I had an experience this week that I’m sure we can all relate to in some way. I slipped on some ice while walking my dog and hit my chest against a chain link fence. About 28 hours later, I was at the office and my chest started to hurt. It continued to hurt throughout the day, and as time wore on I started to get nervous that something was wrong.
I did what I always do, I consulted my fiance on the matter. I’m usually quick to dismiss symptoms and she’s usually quick to think we should call someone, so we balance each other out quite nicely. If you don’t have someone like this in your life, I highly recommend finding one, especially if you are like me and have a tendency to try to ignore warning signs. There’s been more than one occasion where I’ve had a fever and I never would have known if she didn’t make me take my temperature. It’s quite nice. Plus she’s easy on the eyes.
Anyways, we talked and decided to email my NP and then one long day at the hospital later and we discovered I had bruised the tumor in my chest cavity and it was inflamed, causing the soreness. Now, this should have been obvious from the beginning. I mean, I fell on a fence post, and now my chest hurts. Shocking. Take 2, add 2, you get 4. But since I was experiencing a new symptom I hadn’t really felt before, my anxiety was through the roof and I just wasn’t able to make that connection strongly enough in my head to put myself at ease. So I wound up spending like 9 hours in hospital getting a bunch of CT scans and xrays to prove what should have been obvious from the beginning.
So here’s my point: new symptoms are scary. You know why? Because I’m sure just about every cancer diagnosis starts with just a small symptom, and now it’s hard to know what’s serious and what isn’t. The only symptom I experienced before my stroke was soreness in my leg. I thought it was because I worked out a lot, turns out it was because I had a massive tumor in my thigh muscle. So now, every time I get a headache, I think it’s a brain aneurysm. Anytime my heart skips a beat, it’s a heart attack. I take a shit that isn’t diarrhea, better make sure it isn’t black or else that means I have colon cancer now too. Every minor event is a catastrophe because one time a minor event WAS a catastrophe.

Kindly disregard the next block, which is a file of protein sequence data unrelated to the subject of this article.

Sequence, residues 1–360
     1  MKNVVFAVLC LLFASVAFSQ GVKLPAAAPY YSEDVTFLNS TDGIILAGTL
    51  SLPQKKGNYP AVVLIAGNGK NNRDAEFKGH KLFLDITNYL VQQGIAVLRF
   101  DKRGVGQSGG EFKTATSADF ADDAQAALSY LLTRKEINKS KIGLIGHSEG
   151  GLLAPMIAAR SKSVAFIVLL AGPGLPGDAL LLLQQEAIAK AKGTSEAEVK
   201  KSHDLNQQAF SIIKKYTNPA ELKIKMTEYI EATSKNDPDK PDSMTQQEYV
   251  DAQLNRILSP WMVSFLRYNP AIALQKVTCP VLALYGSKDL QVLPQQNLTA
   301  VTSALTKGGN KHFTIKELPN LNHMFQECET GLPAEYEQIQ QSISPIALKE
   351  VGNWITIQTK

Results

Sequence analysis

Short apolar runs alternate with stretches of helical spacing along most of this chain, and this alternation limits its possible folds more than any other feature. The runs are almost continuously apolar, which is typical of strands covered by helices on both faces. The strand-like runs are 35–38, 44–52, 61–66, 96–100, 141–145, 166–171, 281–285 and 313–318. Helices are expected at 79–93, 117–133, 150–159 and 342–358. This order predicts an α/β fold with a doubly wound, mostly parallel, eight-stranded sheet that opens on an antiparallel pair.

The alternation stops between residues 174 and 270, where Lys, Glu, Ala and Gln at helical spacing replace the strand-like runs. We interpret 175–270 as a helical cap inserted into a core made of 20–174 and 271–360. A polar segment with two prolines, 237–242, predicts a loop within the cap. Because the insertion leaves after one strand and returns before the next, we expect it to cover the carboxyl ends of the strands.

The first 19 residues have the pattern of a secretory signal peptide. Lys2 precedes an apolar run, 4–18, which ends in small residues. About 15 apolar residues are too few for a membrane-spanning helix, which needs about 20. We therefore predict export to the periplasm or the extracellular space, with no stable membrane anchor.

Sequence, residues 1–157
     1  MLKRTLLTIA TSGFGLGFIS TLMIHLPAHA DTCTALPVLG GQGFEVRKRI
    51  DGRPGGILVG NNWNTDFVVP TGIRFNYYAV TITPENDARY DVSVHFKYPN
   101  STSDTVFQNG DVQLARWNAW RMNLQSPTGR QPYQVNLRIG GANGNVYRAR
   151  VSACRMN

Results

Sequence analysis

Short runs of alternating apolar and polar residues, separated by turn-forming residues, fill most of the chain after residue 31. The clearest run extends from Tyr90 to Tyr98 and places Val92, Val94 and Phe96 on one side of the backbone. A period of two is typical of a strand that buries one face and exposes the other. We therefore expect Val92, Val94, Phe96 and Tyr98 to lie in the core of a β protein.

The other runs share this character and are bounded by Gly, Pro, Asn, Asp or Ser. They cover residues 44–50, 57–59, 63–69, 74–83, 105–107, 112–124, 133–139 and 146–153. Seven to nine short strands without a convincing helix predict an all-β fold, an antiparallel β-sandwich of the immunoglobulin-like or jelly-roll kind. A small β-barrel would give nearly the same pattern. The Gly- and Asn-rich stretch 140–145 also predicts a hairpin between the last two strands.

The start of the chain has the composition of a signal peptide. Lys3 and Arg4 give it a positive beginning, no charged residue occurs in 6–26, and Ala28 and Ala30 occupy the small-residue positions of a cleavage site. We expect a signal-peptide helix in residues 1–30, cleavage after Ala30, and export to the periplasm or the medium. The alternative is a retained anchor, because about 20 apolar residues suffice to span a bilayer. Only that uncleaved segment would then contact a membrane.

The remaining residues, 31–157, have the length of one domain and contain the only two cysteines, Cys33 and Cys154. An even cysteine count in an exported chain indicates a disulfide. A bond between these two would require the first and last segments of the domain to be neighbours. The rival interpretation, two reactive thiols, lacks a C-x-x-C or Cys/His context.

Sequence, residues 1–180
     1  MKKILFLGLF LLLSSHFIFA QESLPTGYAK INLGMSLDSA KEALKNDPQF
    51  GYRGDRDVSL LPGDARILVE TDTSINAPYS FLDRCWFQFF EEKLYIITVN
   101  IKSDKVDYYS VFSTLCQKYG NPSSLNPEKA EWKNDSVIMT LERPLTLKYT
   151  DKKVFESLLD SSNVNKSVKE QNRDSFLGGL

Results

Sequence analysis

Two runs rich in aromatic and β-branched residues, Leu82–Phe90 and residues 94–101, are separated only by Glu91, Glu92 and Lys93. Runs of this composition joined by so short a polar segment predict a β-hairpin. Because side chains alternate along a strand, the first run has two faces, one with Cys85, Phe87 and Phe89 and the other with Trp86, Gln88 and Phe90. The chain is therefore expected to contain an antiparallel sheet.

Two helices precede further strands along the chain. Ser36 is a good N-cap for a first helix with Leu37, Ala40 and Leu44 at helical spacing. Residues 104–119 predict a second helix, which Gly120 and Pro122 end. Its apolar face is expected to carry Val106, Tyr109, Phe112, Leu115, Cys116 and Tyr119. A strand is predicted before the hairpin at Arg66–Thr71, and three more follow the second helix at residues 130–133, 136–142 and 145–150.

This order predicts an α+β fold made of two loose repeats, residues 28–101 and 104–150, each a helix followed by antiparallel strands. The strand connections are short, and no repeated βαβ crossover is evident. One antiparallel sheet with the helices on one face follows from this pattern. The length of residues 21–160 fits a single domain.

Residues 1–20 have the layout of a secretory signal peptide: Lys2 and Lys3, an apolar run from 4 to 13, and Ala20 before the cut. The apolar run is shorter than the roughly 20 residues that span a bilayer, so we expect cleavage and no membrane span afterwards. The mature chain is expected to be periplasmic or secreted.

I have found the key to living successfully with cancer is finding balance. Knowing when something is a big deal, and when something isn’t. You can’t call your doctor every time you sneeze, but you also can’t let serious symptoms go unchecked. The answer lies with your doctor. Anytime you start a new drug, make sure you know what to look for, and more importantly, know why you should look for them. I used to think fevers were no big thang, but now that I know my chemo compromises my immune system and a fever could kill me, you bet your ass I’ll drag myself out of bed and go to the hospital for a few days to get antibiotics.
Lastly, it’s important to deal with your anxiety and not let fears of unlikely scenarios ruin your mental state. Just because someone got killed by a penguin that got shot out of a cannon one time, doesn’t mean you need to constantly scan the skies for rogue penguin missiles. Remember that there is a reasonable explanation for just about everything, and taking care of yourself mentally is just as important and powerful as treating your physical symptoms. If you are having trouble with anxiety, tell your doctor, get some anxiety meds, practice mindfulness, or even get a therapist. I do all these things and they’ve pulled me out of some dark places before.
My chest still kinda hurts, but that’s ok. Maybe I’ll have cancer long enough that I’ll run out of new symptoms to have. Wouldn’t that be the dream.